Whilst 2018 has got off to a quieter start than 2017 in terms of media headlines, given the impending introduction of the GDPR initiative in Europe, we can be sure that it will not be long before more newsworthy attacks surface. Maybe the crash in crypto-currency prices from mid-December has led attackers to take a back seat and spend time working on the next forms of attack. With prices starting to rise again and the prize on offer to inflict public Corporate embarassment from the GDPR introduction from end May 2018, we should not be too surprised if Q2 sees some fireworks.
Last year I had the pleasure to attend the two CyberSecurity Trends conferences in Sibiu (Sept) and Porrentruy (Dec) under the aegis of the cybersecurity unit from the UN, as well as a number of other conferences. For me the most notable trend was the complete absence in the first half of 2017 of any conversations on machine learning and the place it might hold in the domain of cybersecurity, to occupying over half the topics of discussions in December.
It seems the pace of the evolution of attack vectors, increasingly in the hard to discover application layer and now rapidly moving into the processor layer of mobile devices has reached an inflection point where an already lack of skilled technical support workforce can no longer cope. The pace and volume of new niche vendor solutions and the need to still protect against possible vulnerabilities across the 7 layers of the security stack is so great that it is beyond a human to now learn fast enough the knowledge needed for efficient defence. We can add to this challenge, the multiplication of risks about to be caused in home and office by the connection of IoT (Internet of Thing) devices and the risks smart phones will bring in a Bring Your Own Device culture.
Will we therefore see the rise of the robot, a software driven platform capable of self-defending and self-learning, more than capable of operating at exponentially faster and on parallel tasks, that a human technical support operator could never keep up with.
Whilst there is much to develop in this area, I do believe 2018 will see the rise of a new domain mega-trend in this area of cyber-security. I further believe that these platforms can add value to the business or environment being protected, helping technical resources feel more motivated by removing mundane process tasks and more importantly freeing up their time to actively communicate within their organizations and networks. Communication is the foundation to better collaboration and it is only through collaboration we can better self-defend.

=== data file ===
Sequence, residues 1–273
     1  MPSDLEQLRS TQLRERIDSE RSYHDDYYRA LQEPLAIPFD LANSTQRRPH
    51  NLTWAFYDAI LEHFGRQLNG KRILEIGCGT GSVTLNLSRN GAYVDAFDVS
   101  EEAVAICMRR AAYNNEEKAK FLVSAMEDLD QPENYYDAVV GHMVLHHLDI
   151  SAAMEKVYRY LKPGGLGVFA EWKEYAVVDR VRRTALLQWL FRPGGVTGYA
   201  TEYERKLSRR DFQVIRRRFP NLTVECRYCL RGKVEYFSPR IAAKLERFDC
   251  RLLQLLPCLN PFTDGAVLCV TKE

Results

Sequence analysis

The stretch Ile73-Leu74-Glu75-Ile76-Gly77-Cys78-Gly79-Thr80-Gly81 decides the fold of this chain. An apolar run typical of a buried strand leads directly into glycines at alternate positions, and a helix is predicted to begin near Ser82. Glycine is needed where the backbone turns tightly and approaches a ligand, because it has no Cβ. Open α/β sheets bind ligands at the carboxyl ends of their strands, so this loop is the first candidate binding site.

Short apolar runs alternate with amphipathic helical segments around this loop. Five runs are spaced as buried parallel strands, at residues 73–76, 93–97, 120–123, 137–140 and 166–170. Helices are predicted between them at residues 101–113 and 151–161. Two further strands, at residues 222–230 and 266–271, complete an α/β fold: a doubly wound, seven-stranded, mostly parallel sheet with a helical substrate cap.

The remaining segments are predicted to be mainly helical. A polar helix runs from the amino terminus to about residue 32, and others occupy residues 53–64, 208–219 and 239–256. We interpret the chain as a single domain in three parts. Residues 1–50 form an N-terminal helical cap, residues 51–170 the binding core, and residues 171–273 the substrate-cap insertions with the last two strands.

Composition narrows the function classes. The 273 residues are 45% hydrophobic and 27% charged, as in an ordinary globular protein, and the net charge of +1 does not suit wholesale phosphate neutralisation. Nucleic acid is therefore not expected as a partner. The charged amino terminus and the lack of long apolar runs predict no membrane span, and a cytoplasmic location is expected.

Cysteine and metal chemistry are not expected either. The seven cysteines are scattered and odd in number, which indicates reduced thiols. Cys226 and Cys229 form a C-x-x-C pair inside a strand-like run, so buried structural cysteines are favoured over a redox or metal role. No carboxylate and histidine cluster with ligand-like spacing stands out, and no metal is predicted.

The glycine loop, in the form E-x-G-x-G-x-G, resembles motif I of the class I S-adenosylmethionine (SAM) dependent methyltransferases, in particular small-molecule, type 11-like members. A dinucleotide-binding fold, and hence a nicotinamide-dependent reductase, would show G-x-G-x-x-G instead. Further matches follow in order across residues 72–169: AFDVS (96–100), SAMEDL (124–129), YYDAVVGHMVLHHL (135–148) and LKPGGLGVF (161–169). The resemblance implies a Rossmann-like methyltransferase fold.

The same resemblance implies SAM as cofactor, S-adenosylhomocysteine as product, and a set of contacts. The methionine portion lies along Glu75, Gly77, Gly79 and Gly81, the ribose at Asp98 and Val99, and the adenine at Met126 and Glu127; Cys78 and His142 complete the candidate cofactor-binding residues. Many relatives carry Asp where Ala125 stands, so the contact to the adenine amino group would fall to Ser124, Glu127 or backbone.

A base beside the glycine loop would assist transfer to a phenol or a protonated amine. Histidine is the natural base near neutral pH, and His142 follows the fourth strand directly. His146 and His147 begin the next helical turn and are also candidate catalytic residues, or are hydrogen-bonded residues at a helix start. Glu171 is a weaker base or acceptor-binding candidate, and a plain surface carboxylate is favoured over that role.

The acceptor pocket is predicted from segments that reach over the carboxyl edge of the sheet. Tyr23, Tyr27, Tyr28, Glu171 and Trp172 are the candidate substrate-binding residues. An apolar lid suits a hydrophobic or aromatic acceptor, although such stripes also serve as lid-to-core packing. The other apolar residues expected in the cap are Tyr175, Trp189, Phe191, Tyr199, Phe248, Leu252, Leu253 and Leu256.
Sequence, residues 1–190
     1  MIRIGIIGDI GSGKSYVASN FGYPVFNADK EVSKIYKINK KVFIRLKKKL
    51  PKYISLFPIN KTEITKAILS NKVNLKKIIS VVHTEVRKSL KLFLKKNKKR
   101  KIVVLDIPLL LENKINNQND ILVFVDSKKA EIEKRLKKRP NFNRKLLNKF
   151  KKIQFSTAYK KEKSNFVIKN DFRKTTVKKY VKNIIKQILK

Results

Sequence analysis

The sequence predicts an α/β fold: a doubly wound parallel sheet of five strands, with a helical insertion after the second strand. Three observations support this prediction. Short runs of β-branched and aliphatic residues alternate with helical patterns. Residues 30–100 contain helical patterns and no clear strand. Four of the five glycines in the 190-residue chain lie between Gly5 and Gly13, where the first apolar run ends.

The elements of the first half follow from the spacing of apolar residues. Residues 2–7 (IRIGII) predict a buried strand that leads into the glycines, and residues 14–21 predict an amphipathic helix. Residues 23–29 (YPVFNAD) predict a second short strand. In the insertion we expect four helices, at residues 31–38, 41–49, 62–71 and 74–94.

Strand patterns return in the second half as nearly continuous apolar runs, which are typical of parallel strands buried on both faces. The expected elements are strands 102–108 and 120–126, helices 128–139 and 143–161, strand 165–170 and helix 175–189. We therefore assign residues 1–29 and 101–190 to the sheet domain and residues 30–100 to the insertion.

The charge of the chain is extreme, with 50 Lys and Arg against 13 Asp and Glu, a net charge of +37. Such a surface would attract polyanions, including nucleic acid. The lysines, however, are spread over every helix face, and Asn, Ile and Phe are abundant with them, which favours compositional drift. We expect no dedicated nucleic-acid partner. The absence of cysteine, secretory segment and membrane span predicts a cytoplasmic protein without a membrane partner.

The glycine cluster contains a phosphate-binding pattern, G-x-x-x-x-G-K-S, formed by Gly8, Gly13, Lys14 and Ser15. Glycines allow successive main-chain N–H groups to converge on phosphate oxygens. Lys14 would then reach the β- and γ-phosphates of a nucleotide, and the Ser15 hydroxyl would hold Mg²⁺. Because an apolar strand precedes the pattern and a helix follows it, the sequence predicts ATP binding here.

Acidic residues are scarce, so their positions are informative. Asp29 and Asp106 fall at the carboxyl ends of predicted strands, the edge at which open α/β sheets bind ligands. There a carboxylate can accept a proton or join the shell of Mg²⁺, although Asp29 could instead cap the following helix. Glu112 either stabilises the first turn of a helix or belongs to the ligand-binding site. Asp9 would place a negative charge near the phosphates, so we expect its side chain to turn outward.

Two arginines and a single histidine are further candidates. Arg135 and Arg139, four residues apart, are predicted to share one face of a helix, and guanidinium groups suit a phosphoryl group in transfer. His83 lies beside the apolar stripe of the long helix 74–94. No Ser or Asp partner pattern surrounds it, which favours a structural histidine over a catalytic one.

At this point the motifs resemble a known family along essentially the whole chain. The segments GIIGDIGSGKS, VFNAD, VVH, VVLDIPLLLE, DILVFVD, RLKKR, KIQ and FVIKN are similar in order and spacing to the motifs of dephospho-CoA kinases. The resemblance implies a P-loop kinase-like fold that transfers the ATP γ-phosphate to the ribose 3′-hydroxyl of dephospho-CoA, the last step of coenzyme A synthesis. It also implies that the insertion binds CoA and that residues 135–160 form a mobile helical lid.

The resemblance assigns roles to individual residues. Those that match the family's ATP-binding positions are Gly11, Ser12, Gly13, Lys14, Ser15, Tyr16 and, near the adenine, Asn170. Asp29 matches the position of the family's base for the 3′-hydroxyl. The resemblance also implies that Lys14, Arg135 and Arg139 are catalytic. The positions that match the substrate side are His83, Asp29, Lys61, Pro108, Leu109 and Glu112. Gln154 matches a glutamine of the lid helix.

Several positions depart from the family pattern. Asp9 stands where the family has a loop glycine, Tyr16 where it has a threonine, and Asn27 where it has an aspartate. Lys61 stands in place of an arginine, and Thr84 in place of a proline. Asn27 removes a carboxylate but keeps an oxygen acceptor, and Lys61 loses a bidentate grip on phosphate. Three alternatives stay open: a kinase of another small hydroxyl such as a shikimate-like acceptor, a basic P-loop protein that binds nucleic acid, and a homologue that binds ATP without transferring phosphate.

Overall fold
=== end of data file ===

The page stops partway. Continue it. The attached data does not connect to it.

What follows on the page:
The next UN supported conference will take place in Sicily in May. I do recommend readers put the date in diary and pre-book attendance as the knowledge and wealth of experience on offer, in one placed, over two days, is first class. This edition features a detailed review of the speakers and topics discussed at the December conference so the reader can judge the wide range and quality of speakers the organizers pull together.
This edition of CyberSecurity Trends looks more closely at machine learning. With an excellent article by academics Justin Sherman and Anastasios Arampatzis on Practical Human Security, they demonstrate how human flaws will always remain and the only solution is to use technology tools to reduce / remove the impact of human errors in the defence ecosystem. Whilst Oliver Kempf’s article looks at Digital Transformation again drawing the conclusion that advanced computing tools are going to be needed to help people better manage the ecosystem.
With mobile devices likely to be increasingly the gate with which attacks might enter the ecosystem we have excellent articles from Nicola Sotira illustrating the military breach that was caused by the Strava fitness app and Giancarlo Butti highlights the hidden risks of the smartphone mobile systems. For those among you who like history Laurent Chrzanovski explains the history of the term Bluetooth.
As stated in the last editorial, if we are to address complacency then it is Board and the Executives that need to set the tone of the culture to discuss and address these issues. Without an effective culture, collaboration even within the business will fail and breaches will remain common place. We invite you to join in the process and submit articles or suggestions for us to cover.
The goal of this publication remains to open up knowledge and information sharing across research and commercial activities, so providing a bridge between public and private dialogues, in an aim to help our world operate more safely giving the growing frequency of attacks that seem to endlessly get media attention.
If you would like to contribute articles or have suggestions for us to cover in future editions of the magazine, or even wish to purchase hard copy versions of the magazine to give to your customers, please do contact us via email at firstname.lastname@example.org.
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Author: Norman Frankel